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Air China says first-half net profit up three-fold on strong demand, higher yuan

Air China says first-half net profit up three-fold on strong demand, higher yuan

Chinese carrier Air China reported Wednesday that its first half net profit more than tripled from a year earlier, boosted by strong passenger demand and the rising value of the Chinese yuan.
Net profit for the six months ending June 30 surged to 1.57 billion yuan (US$207 million;euro151 million), or 3.4 times earnings of 458 million yuan in the same period a year earlier, according to the Beijing-based Air China, one of China's three main state-owned airlines.
First-half revenues rose 17 percent to 23.3 billion yuan (US$3 billion;euro2.2 billion) from 19.9 billion yuan in the first half of 2006.
Strong demand from business travelers amid the booming Chinese economy helped the airline overcome surging jet fuel prices.
"The company vigorously pursued various strategic cooperation opportunities and made significant progress in transforming its organization, expanding its hub and route networks, improving its customer service systems and further enhancing its brand," Air China's chairman, Li Jiaxiang, said in a statement.
It said its performance for the last six months was also enhanced by the contribution of subsidiaries jointly held with Hong Kong-based carrier Cathay Pacific Airways, in which it and its subsidiary, China National Aviation Co., hold a total 17.5 percent stake. Cathay in turn holds a 17.5 percent stake in Air China, according to its Web site, and the two airlines have cooperative marketing and operational arrangements.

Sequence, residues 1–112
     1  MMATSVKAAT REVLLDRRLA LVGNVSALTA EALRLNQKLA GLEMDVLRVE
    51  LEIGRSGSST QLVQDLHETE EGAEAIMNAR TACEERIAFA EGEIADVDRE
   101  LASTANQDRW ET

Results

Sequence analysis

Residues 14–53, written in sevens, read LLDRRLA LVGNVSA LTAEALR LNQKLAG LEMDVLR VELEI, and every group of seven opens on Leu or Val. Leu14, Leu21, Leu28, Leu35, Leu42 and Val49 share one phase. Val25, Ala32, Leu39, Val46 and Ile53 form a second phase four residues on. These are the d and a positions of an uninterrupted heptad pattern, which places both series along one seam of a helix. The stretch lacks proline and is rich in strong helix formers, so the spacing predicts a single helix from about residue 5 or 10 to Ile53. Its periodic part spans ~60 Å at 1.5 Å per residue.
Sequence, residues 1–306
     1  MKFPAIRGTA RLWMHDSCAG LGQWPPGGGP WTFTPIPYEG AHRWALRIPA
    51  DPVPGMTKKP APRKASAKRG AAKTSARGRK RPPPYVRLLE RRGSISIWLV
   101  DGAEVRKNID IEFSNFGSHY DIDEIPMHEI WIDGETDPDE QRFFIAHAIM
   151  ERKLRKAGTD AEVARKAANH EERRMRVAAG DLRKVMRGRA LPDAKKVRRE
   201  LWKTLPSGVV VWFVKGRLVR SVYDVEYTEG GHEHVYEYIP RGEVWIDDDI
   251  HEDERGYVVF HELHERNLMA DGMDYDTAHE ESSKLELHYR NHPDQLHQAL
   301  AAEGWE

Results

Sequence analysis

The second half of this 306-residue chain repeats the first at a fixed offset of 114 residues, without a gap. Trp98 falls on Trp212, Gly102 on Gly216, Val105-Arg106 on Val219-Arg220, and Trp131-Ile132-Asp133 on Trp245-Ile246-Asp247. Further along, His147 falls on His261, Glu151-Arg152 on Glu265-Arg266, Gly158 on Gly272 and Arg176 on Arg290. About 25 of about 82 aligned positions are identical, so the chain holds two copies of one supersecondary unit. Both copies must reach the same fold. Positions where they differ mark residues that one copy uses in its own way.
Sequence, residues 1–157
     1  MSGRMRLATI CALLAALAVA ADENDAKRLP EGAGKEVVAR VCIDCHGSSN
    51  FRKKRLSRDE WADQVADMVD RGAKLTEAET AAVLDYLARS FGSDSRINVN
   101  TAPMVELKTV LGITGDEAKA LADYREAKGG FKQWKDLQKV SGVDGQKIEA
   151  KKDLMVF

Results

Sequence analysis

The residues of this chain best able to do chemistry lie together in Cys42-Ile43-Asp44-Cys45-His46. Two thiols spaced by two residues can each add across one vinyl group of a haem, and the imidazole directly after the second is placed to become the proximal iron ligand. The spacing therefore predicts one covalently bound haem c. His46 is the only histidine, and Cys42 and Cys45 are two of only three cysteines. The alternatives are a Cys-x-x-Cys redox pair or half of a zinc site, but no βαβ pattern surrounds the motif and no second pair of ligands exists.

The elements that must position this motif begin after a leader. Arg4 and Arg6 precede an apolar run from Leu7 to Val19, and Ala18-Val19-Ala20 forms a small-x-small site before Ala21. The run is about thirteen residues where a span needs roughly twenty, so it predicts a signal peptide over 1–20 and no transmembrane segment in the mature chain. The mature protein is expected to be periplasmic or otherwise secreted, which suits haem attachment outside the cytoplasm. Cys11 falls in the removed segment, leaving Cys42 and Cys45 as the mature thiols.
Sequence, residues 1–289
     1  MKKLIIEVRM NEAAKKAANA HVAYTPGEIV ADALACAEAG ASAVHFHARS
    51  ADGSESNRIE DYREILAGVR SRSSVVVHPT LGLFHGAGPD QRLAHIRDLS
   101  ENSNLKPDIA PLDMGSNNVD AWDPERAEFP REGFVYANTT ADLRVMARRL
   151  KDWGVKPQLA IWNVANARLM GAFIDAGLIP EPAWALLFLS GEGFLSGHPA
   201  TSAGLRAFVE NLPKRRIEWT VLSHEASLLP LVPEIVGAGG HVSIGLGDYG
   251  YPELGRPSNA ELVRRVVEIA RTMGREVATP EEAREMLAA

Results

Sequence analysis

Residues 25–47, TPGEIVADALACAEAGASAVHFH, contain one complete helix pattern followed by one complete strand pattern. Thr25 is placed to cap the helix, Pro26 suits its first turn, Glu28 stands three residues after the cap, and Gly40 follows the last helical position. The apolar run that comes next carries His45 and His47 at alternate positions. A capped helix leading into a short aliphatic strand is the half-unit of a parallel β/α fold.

Air China handles Cathay's ticket sales in mainland China while Cathay handles sales for Air China in Hong Kong, Macau and Taiwan. The airlines also code share and share profit on flights between Hong Kong and major cities in mainland China.
Air China's exchange rate gains in the first half of the year amounted to 867 million yuan (US$114.8 million;euro84 million), the company said, as the strengthening yuan reduced the relative size of the airline's dollar-denominated debt.
Passenger traffic in the period rose 14.4 percent to 33.3 million, with both domestic and international traffic showing double-digit growth.
Air China, as the national flag carrier with its base in Beijing, stands to benefit next year from the influx of travelers expected during the 2008 Olympics in Beijing, given its status as the only passenger airline "partner" of the Games.
The airline was set up as the international carrier division of the Civil Aviation Administration of China and began operating as an independent but state-owned airline in 1988. It listed shares in Hong Kong and London in 2004 and in Shanghai in 2006.
Despite the better-than-expected earnings report, Air China's shares fell 5.3 percent to 8.22 Hong Kong dollars early Wednesday as the Hang Send Index was dragged lower by an overnight plunge on Wall Street.


Updated : 2021-04-13 21:27 GMT+08:00